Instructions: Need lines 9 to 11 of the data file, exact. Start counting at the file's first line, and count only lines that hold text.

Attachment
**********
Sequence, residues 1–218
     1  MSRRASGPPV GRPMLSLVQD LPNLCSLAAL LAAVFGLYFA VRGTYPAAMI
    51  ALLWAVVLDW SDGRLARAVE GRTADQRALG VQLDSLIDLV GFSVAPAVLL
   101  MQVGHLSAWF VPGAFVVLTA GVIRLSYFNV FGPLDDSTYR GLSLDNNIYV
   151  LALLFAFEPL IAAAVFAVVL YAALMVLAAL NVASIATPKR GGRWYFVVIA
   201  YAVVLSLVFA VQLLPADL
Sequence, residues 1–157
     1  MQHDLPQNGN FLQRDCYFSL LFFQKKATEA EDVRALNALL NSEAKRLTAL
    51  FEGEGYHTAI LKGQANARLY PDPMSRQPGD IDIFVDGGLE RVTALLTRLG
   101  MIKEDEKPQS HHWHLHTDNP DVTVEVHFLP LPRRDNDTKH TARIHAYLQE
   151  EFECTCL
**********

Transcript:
    51  FEGEGYHTAI LKGQANARLY PDPMSRQPGD IDIFVDGGLE RVTALLTRLG
   101  MIKEDEKPQS HHWHLHTDNP DVTVEVHFLP LPRRDNDTKH TARIHAYLQE
   151  EFECTCL